St. Mary’s, Georgia is a tiny historic town on the border of Georgia and Florida.  It is the jumping-off point to Cumberland Island and it is home to a premier roadside attraction:  the pecan tree marker.

The marker sits unceremoniously in someone’s front yard, pointing towards a space where the first pecan trees in the state once grew.  You take a picture.  Now what?  If you think that’s all there is to St. Mary’s, you’d be wrong.  You would miss out on a haunted submarine museum (closed Mondays) and Orange Hall, a creaky historic residence with a wonderfully chatty docent.  And in the fall, St. Mary’s  has the annual Hay Days.

We knew something special was up as we drove into town on Osborne Street.
The street’s median had been peopled by scarecrows, some of which were being stuffed and posed as we drove by.  The scarecrows are created by local businesses and organizations.  A whole platoon of them were lashed to a fence outside Orange Hall.  We were a day early for the Scarecrow Stroll, but this imminent event explained the efforts to finish up the project.  Rather than being out selling houses, a realtor and his secretary were busy stuffing hay inside a lopsided man wearing a natty gray business suit.   This is my kind of place and I am thinking of moving there immediately.

We parked the car and walked–or strolled!–down Osborne Street, admiring the scarecrows.  You got the sense that creating the scarecrows is a really big deal into which goes a lot of thought, perhaps a year’s worth. Despite this, the scarecrows were charmingly childish in execution.  There were scarecrows representing the firefighters and police, scarecrows for stores and restaurants, tax attorney scarecrows and dentist scarecrows and Boy Scout Troop scarecrows.  A suggested activity is matching the scarecrows to their creators, something that isn’t too terribly hard since most, if not all, have identifying signage.  Where there is no signage, there are major clues, like a karate outfit.  If you think you might go these one better, there is a Build-A-Scarecrow kit available for twenty dollars (limited to 50 kits) and a chance to have one’s own scarecrow displayed downtown or taken home in vainglorious tribute to lack of creative skill.  It isn’t clear how much of a rush there is to get the kits, but any left over will be assigned and sold for $25.00 on the day of the Build-A-Scarecrow event (October 10th this year).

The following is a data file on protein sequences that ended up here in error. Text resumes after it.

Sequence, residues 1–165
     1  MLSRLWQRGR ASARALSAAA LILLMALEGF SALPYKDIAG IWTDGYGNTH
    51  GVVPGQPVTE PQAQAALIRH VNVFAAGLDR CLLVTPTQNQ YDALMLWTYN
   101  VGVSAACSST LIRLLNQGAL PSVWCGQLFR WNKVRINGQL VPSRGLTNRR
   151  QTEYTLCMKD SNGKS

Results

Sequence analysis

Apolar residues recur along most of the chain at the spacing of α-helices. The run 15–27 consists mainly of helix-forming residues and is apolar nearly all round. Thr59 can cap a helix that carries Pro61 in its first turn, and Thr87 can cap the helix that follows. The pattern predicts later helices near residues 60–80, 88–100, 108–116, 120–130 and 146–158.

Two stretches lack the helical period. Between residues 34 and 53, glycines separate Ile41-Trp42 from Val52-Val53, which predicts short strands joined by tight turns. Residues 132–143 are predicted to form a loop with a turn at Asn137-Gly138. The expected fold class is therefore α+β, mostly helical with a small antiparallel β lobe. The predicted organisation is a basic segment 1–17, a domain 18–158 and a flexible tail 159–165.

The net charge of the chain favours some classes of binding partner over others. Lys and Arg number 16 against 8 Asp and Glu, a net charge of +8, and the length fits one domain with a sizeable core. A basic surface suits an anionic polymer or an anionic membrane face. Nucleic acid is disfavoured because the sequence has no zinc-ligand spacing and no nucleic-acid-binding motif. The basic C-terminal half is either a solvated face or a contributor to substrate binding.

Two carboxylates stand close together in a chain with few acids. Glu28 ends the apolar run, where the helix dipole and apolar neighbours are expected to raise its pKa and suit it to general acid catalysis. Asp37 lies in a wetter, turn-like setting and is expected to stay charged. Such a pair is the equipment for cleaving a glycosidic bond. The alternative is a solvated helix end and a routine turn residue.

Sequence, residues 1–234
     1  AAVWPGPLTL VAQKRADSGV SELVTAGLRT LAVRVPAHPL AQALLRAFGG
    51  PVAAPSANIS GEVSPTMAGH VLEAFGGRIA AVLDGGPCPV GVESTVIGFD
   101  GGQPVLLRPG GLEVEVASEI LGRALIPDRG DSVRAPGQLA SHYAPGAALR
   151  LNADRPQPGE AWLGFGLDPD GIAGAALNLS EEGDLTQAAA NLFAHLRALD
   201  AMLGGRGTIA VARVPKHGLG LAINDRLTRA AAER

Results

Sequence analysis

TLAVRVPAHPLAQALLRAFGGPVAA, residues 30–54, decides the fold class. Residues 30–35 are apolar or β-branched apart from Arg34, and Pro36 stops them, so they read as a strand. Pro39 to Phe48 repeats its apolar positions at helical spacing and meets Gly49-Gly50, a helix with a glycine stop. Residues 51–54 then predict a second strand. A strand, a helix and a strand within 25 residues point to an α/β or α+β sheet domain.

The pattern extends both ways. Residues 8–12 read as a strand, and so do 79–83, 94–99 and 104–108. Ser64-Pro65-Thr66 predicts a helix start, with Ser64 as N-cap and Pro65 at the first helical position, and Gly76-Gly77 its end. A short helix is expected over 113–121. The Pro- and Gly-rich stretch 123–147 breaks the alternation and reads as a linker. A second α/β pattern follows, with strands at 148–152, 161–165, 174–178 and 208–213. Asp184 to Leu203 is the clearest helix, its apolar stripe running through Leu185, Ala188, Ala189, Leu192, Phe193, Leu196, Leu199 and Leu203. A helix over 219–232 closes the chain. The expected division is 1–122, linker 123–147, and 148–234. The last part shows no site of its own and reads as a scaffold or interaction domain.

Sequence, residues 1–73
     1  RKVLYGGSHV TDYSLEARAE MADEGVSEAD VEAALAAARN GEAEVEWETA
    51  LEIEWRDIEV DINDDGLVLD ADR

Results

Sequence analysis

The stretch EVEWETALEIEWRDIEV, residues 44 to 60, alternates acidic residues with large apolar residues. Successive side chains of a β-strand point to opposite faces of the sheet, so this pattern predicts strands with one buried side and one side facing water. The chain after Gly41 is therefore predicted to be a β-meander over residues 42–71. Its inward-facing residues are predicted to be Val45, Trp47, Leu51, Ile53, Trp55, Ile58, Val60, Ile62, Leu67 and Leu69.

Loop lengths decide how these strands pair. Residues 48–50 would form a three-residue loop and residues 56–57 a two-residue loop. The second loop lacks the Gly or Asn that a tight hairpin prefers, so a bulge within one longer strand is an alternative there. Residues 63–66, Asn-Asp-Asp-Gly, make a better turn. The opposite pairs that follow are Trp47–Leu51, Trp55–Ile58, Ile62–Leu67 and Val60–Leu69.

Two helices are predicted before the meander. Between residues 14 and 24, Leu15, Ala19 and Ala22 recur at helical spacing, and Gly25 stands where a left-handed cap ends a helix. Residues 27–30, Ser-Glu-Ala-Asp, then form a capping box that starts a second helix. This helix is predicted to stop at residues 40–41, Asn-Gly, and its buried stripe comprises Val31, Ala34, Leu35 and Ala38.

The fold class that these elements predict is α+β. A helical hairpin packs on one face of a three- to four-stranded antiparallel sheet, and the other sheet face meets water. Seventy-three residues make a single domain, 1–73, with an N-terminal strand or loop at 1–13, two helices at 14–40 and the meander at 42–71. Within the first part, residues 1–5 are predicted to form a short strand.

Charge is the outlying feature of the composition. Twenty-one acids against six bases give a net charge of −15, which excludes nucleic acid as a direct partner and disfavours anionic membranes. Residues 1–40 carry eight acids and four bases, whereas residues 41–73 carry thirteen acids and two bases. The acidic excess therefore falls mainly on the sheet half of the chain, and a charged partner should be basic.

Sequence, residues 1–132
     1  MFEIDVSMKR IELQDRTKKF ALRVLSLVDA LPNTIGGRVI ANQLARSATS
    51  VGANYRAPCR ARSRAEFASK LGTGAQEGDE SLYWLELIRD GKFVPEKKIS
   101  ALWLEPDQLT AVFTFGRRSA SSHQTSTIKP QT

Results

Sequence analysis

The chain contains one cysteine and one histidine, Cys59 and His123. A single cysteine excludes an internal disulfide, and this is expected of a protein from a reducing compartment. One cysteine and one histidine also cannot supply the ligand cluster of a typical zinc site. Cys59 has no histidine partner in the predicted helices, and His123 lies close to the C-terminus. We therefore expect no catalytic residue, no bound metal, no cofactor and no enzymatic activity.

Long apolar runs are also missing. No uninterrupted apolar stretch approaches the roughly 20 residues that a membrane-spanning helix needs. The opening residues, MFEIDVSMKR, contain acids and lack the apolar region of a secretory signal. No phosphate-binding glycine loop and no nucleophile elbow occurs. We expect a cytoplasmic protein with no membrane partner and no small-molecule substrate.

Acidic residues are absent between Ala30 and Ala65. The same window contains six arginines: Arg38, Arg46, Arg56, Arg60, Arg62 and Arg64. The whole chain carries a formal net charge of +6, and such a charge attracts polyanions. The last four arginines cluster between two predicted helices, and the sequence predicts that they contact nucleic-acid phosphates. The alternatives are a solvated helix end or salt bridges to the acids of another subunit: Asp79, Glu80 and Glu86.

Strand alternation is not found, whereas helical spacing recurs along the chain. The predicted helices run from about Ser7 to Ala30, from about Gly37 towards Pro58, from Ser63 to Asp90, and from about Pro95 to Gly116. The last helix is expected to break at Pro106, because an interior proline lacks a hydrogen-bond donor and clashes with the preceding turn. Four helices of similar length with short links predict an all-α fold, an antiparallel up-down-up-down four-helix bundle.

St. Mary’s is a really friendly place.  I am going to start designating towns as Really Friendly Places and adding them to a new sidebar category. St. Mary’s is the first addition to this category and it arrives here by way of a couple of locals.  The first worked in City Hall, where I went in search of a public restroom.  “Straight down the back,” said the lady at the desk, who kept Mr. B. entertained while I used the bathroom.  When I returned to the front desk, I heard the lady recommend a restaurant to Mr. B.  “But they close at 2,” she said.  It was 2:30.  “I’ll just call ’em up.”

She didn’t ask if we wanted her to call ’em up, or whether we had any preference as to type of food or location of restaurant or any shellfish allergies or other distracting stuff that would have just gotten in the way. No, Mr. B. had asked about a restaurant and a restaurant we would have.

She picked up the phone, dialed, and spoke:  “I have people,” she announced.  She hung up and gave us directions.  The restaurant would stay open for us whether we wanted to eat there or not.

The second person responsible for the Really Friendly Place award worked as a docent at Orange Hall and will be discussed in a later post.  Suffice to say that by the time we left St. Mary’s we knew quite a bit about it and felt as if we had lived there for a very long time.

(Postscript:  In googling the Hay Days event, I noticed that the picture I took of the public works scarecrow shows an identical scarecrow to one featured in a newspaper article from 2009.  There goes my idea that the town sits down to feverishly come up with an exciting new scarecrow each year. It wouldn’t be that perfect, would it?  No, they reuse scarecrows from previous years, as if they are Christmas ornaments.  I feel a bit cheated.)